Jason McSheene

An Outlet for Thoughts, Ideas, and Discussion

Be Your Own Top Priority (And Why It’s Not Selfish)

When asked “What is most important in your life?” your answer might sound like this list: my family, my friends, my work, or my religion (to just name the most common answers). But understood in each of those is that you are there to contribute to your family, your friends, your work, or your religion. If there is no you, your experience with all of those goes out the window. So it’s vital that you first take care of yourself.

Michael Hyatt commonly uses the air plane emergency procedure metaphor: In the event of an emergency, oxygen masks may be released from the ceiling. Properly place the mask on your face then help others with their masks. In other words, if you don’t take care of yourself, you cannot take care of anyone else adequately. I would argue that if you are unable to take of yourself, you will not even know what “helping others” truly means.
The Goose That Laid the Golden Eggs From ''The Æsop for Children'', by Æsop Project Gutenberg etext 19994 http://www.gutenberg.org/etext/19994 ==Used on== *w:en:The Goose That Laid the Golden Eggs ==License== {{PD-Gutenberg}

The Goose That Laid the Golden Eggs From ”The Æsop for Children”, by Æsop Project Gutenberg etext 19994 http://www.gutenberg.org/etext/19994 ==Used on== *w:en:The Goose That Laid the Golden Eggs ==License== {{PD-Gutenberg}

Self care involves physical, intellectual, social, and emotional aspects, all of which become stronger when we allow ourselves to be interdependent. There are so many topics to discuss concerning the practical steps of growth in each of these areas but I’ll focus on the overall effect. I believe empathy is the most important ruler of morality and goodness. However, we often want so badly to help those around us by sacrificing resources (emotional, financial, physical, etc.) that we do not have to give. This is killing the Golden Goose for her precious eggs instead of nurturing her and allowing her lay them naturally and often. In other words, giving what you are not prepared to give is hurting yourself and damaging your ability to give later.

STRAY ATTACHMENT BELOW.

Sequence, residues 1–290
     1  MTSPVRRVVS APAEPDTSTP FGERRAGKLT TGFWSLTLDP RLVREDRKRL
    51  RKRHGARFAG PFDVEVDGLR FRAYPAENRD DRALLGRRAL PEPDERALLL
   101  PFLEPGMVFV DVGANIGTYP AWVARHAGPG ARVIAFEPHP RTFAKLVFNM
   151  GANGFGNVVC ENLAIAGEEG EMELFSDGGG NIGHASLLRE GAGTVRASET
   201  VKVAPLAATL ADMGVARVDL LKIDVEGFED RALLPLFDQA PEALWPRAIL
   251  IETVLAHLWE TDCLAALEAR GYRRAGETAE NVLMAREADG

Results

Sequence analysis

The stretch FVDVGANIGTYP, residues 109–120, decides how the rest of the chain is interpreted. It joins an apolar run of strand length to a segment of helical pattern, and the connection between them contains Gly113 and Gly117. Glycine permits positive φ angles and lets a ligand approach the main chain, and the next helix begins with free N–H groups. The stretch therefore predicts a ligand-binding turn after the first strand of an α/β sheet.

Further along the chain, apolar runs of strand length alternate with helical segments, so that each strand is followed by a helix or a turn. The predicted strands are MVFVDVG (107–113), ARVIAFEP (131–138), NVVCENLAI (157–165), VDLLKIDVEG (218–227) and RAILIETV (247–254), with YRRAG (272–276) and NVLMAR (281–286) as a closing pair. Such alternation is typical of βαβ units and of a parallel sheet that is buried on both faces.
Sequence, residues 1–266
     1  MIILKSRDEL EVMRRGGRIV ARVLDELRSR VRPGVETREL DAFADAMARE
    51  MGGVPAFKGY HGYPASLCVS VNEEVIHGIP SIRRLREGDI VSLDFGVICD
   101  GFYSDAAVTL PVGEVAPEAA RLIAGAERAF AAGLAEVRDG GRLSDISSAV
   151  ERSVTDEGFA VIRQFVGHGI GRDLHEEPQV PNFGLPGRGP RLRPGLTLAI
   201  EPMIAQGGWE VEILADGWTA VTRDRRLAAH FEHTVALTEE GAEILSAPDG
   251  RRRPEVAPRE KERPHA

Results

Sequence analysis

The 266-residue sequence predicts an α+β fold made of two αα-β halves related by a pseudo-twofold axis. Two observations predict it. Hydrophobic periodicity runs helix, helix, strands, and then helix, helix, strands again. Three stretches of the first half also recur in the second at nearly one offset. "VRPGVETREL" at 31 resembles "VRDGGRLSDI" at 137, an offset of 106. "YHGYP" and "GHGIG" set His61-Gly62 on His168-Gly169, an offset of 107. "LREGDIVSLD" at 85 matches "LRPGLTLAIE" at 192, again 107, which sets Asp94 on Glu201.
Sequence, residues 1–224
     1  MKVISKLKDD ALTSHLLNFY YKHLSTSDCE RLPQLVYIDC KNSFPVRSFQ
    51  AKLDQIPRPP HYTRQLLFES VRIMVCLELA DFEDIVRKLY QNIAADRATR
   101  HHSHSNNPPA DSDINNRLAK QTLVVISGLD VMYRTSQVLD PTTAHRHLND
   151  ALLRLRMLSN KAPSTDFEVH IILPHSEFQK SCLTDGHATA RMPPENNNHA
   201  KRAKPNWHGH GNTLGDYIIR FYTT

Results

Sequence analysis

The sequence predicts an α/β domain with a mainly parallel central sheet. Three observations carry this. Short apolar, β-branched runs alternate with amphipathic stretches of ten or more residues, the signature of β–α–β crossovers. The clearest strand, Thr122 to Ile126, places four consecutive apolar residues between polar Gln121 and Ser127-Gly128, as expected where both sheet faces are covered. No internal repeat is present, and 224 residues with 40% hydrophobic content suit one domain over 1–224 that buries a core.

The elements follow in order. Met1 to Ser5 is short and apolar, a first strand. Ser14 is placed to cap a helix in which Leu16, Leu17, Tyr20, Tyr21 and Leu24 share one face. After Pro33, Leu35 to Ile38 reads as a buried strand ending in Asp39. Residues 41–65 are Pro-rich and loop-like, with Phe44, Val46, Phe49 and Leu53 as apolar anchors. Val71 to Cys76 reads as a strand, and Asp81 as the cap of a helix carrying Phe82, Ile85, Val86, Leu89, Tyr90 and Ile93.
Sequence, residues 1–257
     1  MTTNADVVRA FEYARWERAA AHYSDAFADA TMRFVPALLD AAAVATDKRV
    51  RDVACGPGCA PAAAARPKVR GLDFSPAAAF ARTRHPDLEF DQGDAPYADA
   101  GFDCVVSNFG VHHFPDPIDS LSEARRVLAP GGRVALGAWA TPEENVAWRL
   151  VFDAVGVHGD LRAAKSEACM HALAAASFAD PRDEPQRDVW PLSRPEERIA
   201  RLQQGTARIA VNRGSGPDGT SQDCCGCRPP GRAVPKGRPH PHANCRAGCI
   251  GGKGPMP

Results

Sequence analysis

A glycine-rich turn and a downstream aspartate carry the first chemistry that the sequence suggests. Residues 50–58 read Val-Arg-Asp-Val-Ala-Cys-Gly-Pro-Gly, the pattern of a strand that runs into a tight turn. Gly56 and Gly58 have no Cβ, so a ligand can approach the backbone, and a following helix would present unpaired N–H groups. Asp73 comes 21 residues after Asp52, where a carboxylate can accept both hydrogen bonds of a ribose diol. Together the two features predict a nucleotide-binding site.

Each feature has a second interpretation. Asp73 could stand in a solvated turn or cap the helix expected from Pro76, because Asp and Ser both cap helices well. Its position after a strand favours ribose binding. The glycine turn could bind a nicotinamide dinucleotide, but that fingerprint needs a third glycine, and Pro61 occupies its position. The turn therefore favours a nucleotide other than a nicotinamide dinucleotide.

So how do we place ourselves first without becoming overly selfish? I’m not perfect at all, but I do try to actively infuse an attitude of service into most of what I do, even if it is for myself. All it takes is to ask “Why am I doing _______ ?”
Example: “Why am I exercising?” – “I want to live a healthy, long life to help set a good example and to reap the beneficial effects in my work to better provide for my family.”
This mentality applies to activities that may be purely seen as recreation to someone who is not sharing your point of view. For a personal example, I love playing a strategy game called Starcraft (which will be featured in a future post). To an outsider, hearing that I sat down for an hour on a Sunday night to play this game might sound wasteful when I could be working on various projects. However, I know I must set aside some time during the week to relax while using my brain, especially after a long week of working in the lab. This is a way I recharge intellectually, emotionally, and socially (since I am an introvert).
Example: “Why am I playing Starcraft?” “I need this recreation time in order to restore balance between work and play. If I do not feel this balance, I do my worst work and I am emotionally/socially unavailable to my girlfriend, family, and friends.”
With a service mentality, you can assign meaning to tasks you feel might be pointless, profoundly important, or just plain fun. Never forget to perform the bulk of your activities with those people/things/purposes you are servicing in mind.Do you feel too overburdened by outside factors, people, or responsibilities to be able to put yourself first? Leave a comment for discussion! Thanks -J

Updated: November 12, 2015 — 9:26 am


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  1. I like to think of all altruism, as selfish no matter what. In that… its impossible to do something of your own will (even in extreme scenarios of “gun to the head” that you do not “want” to do.

    We do things for others because it makes us feel good, or because we fear the judgment we’d receive by not doing it, or because we expect/anticipate something in return etc etc.

    But overall I do agree with you that “well intentioned” self-serving decisions tend to be looked at, as selfish and negative when (depending on the situation) they should be looked at as self investment/bettering yourself. (as you pointed out with the exersising investment analogy)

    side note, im not sure how to read the last line, I think it may be a typo/mistake?

    1. I agree, I think framing it either way leads to truthful statements about human nature. We do things to feel better about ourselves, we might as well use that instinct to help drive positive change in our lives.

      Thanks for the typo warning. Maybe it makes more sense now? This comment was a bit late. Apologies but I appreciate your input!

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